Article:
Cyber Risk Strategy and the Evolving Role of the CISO

By Richard Harrison, Chief Information Security Officer, healthAlliance

Richard Harrison, Chief Information Security Officer, healthAlliance

Organizations need a systematic and proactive approach to information security. Threat actors, attack vectors, and IT system complexity are changing quickly.

In a large enterprise environment, the rush for new technologies combined with uncontrolled IoT, the proliferation of ‘low cost’ hacking techniques, and the expansion of criminal motivations from financial to now social, political or strategic has resulted in major security risk.

Every organization needs an information security strategy to protect its systems and assets from minimizing negative impact on the achievement of business goals.

But the problem with many security strategies is that they are often vague or nebulous. There is often a disconnect between business managers and leaders on the one hand and the IT team on the other.

Fundamentally, a security strategy needs to address the following questions:

What is the business trying to achieve?

What are the risks that will impact the achievement of business goals?

How will we address them?

Business goals

Business goals can be expressed in many ways, but the most commonly understood / generic types of goals might be as follows:

• Grow shareholder value
• Diversify and grow revenue streams 

 Or, in healthcare:

• Efficient, easy to use technology that supports clinical care
• Reduces harm and improves quality and equity

CISO’s need to engage with business leaders and understand what it is that they are trying to achieve.

Understanding risks

Once business goals are understood, the security and technology risks that will impact the achievement of those goals, if not managed, need identifying. They might include:

• Service disruption due to a lack of resilience in critical systems
• Legal costs or fines due to regulatory and compliance failures
• Service disruption due to third party vendor / supply chain risk
• Loss, exfiltration or manipulation of data due to breach
• Emerging technology risk

Every organization has its own risk landscape that will need defining, but it is vital that the CISO expand on the risks with clear ‘what if’ statements. For example:

Data breach risk: If we do not protect our data wherever it is located to prevent a loss, exhilaration, or manipulation of data, then service disruption and decision-making affecting patient care; identity theft affecting patients or staff and reputational damage could result with associated costs of recovery. Boards want to understand the costs or severity associated with a breach, the probability of an attack, and the susceptibility of the business to that risk and the urgency of the risk.

Addressing risks

Addressing risks starts with high-level strategies. Again, these can be tailored to your organization but there are some generic ones that will apply in most situations. These include:

• Improve governance and leadership

• Ensure evaluation and direction

• Compliance, audit, and review

• Protect our information and systems

• Develop resiliency and recoverability

• Implement security operations

• Get ready for digital business

Once you have selected all that apply, you can outline the purpose and vision of the security strategy and connect the high-level strategies to objectives.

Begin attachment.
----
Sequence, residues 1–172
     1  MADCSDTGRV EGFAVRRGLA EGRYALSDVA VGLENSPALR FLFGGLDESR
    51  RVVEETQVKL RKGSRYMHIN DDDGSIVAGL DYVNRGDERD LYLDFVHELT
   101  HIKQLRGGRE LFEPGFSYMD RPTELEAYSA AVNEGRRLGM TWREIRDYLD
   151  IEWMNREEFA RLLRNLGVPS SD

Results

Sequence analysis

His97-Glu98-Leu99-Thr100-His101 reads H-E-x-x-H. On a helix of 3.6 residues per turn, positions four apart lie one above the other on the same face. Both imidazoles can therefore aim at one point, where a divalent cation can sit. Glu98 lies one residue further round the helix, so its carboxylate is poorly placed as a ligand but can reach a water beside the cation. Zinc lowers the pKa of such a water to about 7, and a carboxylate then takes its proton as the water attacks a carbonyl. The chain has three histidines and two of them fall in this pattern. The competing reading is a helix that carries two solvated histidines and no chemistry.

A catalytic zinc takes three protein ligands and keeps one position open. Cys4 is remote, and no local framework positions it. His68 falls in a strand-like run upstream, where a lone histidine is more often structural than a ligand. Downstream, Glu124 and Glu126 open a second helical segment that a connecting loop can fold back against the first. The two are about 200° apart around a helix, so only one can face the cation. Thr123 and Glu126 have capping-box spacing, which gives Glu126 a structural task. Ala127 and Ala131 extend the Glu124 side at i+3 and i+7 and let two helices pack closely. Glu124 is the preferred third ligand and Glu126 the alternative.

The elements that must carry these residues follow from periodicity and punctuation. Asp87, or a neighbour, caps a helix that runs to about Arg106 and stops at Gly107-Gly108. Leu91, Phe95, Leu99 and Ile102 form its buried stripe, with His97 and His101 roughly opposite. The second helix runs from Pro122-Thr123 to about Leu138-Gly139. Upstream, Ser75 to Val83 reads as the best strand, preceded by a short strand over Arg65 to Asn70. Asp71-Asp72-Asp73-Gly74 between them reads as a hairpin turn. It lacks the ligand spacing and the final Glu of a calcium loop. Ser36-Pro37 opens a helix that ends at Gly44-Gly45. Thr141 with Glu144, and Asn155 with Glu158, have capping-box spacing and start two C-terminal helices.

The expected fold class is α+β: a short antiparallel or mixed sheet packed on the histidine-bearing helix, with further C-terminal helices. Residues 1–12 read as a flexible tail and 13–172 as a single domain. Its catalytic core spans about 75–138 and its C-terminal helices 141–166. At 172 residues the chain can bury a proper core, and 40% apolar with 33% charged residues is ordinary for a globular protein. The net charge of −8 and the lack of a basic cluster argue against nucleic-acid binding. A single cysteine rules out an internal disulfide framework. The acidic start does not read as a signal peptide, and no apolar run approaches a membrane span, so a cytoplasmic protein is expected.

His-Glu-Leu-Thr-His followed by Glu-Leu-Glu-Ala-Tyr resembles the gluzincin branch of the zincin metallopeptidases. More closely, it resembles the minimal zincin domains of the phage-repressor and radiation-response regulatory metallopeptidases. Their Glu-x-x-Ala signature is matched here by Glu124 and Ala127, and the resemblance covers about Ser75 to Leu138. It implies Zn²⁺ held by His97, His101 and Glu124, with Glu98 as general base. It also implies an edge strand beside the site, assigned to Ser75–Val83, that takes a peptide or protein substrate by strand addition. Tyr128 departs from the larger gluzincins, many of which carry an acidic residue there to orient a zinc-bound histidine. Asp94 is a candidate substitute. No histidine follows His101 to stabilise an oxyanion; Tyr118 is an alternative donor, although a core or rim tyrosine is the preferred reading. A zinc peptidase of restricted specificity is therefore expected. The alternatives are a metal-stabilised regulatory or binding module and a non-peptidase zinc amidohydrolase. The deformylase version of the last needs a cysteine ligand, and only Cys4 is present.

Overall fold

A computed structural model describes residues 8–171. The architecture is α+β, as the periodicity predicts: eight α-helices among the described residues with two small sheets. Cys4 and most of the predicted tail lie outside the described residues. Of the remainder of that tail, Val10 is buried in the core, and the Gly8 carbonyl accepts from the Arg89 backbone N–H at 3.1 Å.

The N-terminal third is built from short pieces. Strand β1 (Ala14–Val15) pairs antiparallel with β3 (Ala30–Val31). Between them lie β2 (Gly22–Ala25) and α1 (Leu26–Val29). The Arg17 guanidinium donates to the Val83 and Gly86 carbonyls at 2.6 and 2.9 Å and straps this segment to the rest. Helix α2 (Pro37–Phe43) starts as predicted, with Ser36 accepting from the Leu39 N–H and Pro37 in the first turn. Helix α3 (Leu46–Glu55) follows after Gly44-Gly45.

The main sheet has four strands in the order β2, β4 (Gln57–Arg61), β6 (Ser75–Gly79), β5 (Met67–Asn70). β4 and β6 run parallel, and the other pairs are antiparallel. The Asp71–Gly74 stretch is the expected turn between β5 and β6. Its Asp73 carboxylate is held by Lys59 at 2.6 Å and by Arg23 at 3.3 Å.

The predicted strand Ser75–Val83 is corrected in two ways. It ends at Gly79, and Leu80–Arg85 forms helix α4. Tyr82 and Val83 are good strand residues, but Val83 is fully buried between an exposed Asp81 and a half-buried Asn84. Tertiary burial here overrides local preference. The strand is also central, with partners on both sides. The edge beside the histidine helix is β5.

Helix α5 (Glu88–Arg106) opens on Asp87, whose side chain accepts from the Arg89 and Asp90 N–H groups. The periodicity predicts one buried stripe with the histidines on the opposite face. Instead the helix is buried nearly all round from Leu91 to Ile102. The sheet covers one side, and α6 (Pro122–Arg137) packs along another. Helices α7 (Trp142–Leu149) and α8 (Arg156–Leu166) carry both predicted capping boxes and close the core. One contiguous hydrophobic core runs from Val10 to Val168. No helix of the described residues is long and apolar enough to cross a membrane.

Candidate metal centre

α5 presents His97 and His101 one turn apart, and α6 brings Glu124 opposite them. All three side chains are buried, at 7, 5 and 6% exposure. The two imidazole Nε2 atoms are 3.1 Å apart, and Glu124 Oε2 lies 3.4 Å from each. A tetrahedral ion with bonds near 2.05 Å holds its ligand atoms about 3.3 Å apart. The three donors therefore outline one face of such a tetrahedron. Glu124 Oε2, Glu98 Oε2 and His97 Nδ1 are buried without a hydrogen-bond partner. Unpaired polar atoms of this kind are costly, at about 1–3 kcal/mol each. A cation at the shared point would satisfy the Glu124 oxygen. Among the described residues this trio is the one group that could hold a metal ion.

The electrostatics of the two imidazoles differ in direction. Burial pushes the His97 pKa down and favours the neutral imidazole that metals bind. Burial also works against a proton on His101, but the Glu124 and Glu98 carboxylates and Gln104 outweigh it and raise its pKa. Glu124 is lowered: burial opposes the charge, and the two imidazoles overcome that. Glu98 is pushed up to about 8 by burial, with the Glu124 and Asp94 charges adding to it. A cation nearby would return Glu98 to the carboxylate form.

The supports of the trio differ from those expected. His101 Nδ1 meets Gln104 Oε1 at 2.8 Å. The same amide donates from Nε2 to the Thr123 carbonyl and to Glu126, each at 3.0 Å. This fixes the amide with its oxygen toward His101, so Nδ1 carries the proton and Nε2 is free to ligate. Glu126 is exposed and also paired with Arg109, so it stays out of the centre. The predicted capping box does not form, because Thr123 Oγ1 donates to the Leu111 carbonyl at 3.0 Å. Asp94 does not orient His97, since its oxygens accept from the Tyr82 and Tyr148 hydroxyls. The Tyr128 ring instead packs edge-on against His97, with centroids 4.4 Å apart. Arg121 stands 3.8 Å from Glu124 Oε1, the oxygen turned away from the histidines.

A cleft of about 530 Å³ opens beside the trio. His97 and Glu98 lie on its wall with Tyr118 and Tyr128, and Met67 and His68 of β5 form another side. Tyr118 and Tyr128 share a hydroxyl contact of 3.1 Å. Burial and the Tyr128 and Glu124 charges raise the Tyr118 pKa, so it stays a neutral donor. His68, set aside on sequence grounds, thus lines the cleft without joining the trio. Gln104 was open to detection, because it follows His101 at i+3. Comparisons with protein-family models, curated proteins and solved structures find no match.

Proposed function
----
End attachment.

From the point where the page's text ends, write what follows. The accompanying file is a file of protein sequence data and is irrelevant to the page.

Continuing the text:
An example of purpose statement: To support the business to ensure cost-effective and adequate security controls are implemented that reduce risk to services and increase resilience within risk appetite.

Vision: To equip and empower customers to ensure safe, secure and reliable operations over the entire lifecycle of the environment while supporting the business objectives of today and tomorrow.

Security objectives should be aligned to your security framework of choice whether it is NIST, ISO27001 or other. Using NIST’s framework the objectives written in simple business language may be:

• Know what we have, what is critical, and what we are doing in our environment. (IDENTIFY)

• Implement measures to protect our data (PROTECT)

• Catch the events we didn’t prevent in an acceptable time frame (DETECT)

• Prioritize and deal with incidents (RESPOND)

• Return to operational state as soon as possible (RECOVER)

You can now link your security program initiatives to your framework and objectives. For example, under IDENTIFY you might have things like:

• Asset management

• Governance of the environment

• Risk management

• Vulnerability management

The above method allows you to connect business goals to risks, risks to approaches you will use to manage them. These approaches guide the security objectives of the business and the tactics and initiatives you will employ to achieve them, thus connecting tactics to strategy in a way that senior executives and board members can understand.

Role of the CISO

Success or failure of your strategy in terms of board and executive buy-in will come down to how simply but effectively you communicate the strategy to the board. The focus of a CISO should be on how to improve communication with both the board and the operational functions of the business.

A CISO needs to start speaking the language a board will understand – to quote Steve King, “explanations in Japanese mean nothing to someone who only understands Italian.”

CISO’s need to draw on the principles enshrined in marketing, relationship management, and psychology. He or she needs to build trust and speak quantitatively. The role is not about technology leadership—business skills are now paramount. It is the CISO’s responsibility to translate cyber threats and risks in terms of the board and senior leaders comprehend and can consume so they can make properly informed decisions. 

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